EEG acquisition

A Participants were asked to wear a single channel EEG device (NeuroSky Single Channel EEG, Original noise reduction BMD version). EEG was taken during closed-eye relaxed state for a total of 100 s. The location of the electrode was Fp1 according to the 10–20 international system (left prefrontal region) and the measurement device was MindWave Mobile II BMD II ver. with sampling rate of 512 Hz. Mini-mental state examination (MMSE) was utilized as the cognitive screening test. MMSE is a 30-points question which is commonly used for assessing dementia. Subjects who scored 24 points or lower were labeled as dementia while patients with score of 25 – 27 is labeled as MCI. Subjects with score of 28 or higher is labelled as healthy.

Analysis

Data preprocessing

For the EEG device used in this study, independent verification has already demonstrated that the device can reliably remove environmental noise and unintended frequencies [6]. Signals acquired from Fp1 using a monopole EEG were passed through a bandpass filter of 1–30 Hz to extract EEG components [7]. However, even if non-target frequencies can be removed, the acquired data come with noise caused by muscle movement or blinking. To remove these noises, a filter created for this purpose was used. This filter acquires the patterns of body movement and blinking in advance, and the threshold value is automatically set according to the situation. We adopted conventional methods as noise reduction [6, 8, 9] This procedure reduces computation costs and removes blinks, body movements, and electrical noise in real time.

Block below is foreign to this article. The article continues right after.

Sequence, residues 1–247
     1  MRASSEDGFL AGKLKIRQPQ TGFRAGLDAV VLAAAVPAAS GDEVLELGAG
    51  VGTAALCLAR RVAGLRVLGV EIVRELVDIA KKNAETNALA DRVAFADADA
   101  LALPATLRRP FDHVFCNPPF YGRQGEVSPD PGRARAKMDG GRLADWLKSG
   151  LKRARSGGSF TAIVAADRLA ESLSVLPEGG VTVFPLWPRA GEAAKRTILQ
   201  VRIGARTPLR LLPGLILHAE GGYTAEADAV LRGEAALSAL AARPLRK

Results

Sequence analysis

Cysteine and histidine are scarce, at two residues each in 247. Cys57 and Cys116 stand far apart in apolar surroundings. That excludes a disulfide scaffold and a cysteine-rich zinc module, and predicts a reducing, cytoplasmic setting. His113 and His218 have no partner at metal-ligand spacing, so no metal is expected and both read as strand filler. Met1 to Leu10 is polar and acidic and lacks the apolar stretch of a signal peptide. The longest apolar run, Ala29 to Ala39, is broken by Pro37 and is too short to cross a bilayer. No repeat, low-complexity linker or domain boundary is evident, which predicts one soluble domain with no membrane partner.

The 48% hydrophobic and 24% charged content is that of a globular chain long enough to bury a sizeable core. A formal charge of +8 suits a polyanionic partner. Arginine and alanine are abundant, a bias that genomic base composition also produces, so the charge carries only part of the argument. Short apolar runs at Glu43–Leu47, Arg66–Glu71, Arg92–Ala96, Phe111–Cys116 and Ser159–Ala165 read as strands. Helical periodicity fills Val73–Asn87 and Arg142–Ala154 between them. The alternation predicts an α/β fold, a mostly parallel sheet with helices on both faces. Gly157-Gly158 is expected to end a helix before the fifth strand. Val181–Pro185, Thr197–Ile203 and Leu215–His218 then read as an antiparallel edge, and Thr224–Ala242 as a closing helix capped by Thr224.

In order to account for individual differences in EEG amplitude, normalization was performed with an average of 0 and a dispersion of 1 for the filtered signal. Subsequently, a fast Fourier transform was performed to calculate the power spectrum. Also, in order to clarify the difference between healthy individuals and each patient group with dementia and MCI, the average power spectrum of the comparison target group was set as 1; i.e., a relative power spectrum value was used.

The sampling interval of the EEG device was set to 512 Hz. Therefore, the amount of data for each individual was 51,200 samples of 100 × 512. Each individual’s EEG data were translated to the frequency domain by Fourier transform per second.